It’s 3000 years ago. Imagine how the sun sets in a tangerine haze over the golden fields; farmers are coming together to give thanks for the harvest; prayers are raised to the gods for abundance in their crops to come. Out of the star-swept dawn rises a new sun in a brand-new year, and all the way to today, lanterns glow, dragons and lions dance; families reunite, and feasts are shared; dreams are born, and hearts are warm, as we say ‘新年快樂 / 新年快乐’ (Xīnnián kuàilè): “Happy New Year!”
Contemplation and celebration:
Chinese New Year – also known as the Spring Festival 春節 / 春节 (chūn jié) – marks the beginning of the new lunar year (the time for the moon to travel around the Earth). Although not a religious festival, many take time to visit the temple to make an offering to the Buddha or the gods, for blessings for a prosperous new year. Ancestors are honoured in the home with incense, flowers and candles. Moreover, some might pray to the Kitchen God, who watches over the family in the home; the Jade Emperor, who is the most important god in heaven; the God of Wealth; and the Door Gods: two fierce warriors who frighten away evil spirits (pictures of them are sometimes pasted on doors out of tradition).
A global soul:
Chinese New Year is celebrated all around the world. People of all backgrounds unite to see the soul and tradition of the Chinese people come into full flow. For instance, in London’s Chinatown, the streets come alive with a noisy parade of lion dances, elaborate dragons, and stilt-walking. In Rangoon, Burma, many bring offerings to the temple, light incense and unite in prayer for harmony and good fortune. Dazzling oceans of technicolor lights flood the roads of Singapore in its Annual Chingay Parade. Last year, I remember going to a Chinese music festival near London, which was an incredible feast for the eyes and the ears: the diverse soundscape of traditional Chinese folk instruments such as the erhu, hulusi, dizi and sheng left me speechless! The incredible thing about the New Year is how the Chinese people come together, and their sense of humanity feels like some infinite bloodstream, with the spirit of their cultural identity running deeper and stronger than ever.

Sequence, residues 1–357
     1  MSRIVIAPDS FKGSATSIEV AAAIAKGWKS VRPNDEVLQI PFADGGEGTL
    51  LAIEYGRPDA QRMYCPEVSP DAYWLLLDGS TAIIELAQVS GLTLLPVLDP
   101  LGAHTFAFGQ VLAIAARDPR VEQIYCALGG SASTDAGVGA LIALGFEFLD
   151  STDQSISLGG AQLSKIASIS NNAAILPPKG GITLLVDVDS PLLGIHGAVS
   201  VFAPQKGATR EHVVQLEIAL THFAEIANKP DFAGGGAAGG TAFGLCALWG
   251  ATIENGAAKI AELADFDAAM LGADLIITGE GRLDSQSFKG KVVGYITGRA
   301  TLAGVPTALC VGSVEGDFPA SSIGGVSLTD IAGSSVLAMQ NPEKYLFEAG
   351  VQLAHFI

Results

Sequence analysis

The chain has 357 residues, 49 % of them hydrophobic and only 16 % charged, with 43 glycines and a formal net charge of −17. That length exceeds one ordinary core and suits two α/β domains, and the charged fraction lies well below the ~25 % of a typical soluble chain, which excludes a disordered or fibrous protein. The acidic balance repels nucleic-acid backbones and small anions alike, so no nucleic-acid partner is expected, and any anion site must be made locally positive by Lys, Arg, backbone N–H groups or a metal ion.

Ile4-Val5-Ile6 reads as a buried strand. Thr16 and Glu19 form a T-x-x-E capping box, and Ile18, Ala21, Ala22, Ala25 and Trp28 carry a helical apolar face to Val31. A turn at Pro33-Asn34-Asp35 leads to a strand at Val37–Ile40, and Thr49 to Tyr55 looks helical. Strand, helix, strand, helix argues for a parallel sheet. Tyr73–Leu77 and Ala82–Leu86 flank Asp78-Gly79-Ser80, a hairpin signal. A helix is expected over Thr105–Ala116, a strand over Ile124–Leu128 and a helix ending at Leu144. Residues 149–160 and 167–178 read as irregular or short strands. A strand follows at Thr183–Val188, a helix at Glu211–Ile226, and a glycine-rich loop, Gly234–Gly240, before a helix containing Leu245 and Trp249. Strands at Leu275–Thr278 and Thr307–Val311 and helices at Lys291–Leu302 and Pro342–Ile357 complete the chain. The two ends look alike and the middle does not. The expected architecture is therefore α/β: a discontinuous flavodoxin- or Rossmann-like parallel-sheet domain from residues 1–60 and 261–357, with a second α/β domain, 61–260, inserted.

A storytelling nation:
There are fascinating traditions behind this age-old festival. Seeing the spectacular dragon dances is a must. In ancient China, the dragon was considered as a helpful beast to the community, associated with longevity, fortune and rain. Along with gongs and the heartbeats of drums come the sounds of firecrackers. Legend says, long ago, there was a monster who terrorised the townsfolk and animals at the end of the year; they discovered that the animal was frightened of loud noises, bright lights and the colour red. Partying away, they frighten away the monster for the whole new year to come. The lucky colour red is everywhere, especially on special envelopes in which parents and grandparents give money to their children on New Year’s Eve; this is called ‘压压壓 / 壓歲錢’ (yā suì qián): ‘suppressing age money.’ One superstition of the festival is to avoid the use of knives, scissors or other sharp objects, as they’re seen to ‘cut away’ luck. At the heart of the festival, food at Chinese New Year is all about bringing families together, sharing and gratefulness. Some traditions include having fish on New Years’ Eve and leaving some leftover, in the hopes for a plentiful harvest. Also, in order to get more meat from the fish, they never flip the fish onto its other side, as this symbolises bad fortune in tipping over a fisherman’s boat. Every family has its own customs. For example, many families in North China, come together in preparing 餃子/饺子 (‘jiǎozi’): special dumplings that are stuffed with pork mince, cabbage, garlic and herbs.
So, how are you celebrating this Chinese New Year? Whatever the traditions, feasts or parades may be, the most important thing is the coming together in harmony, and the thankfulness for the year past, the new opportunities, and the people who are always there with you on this one, incredible adventure.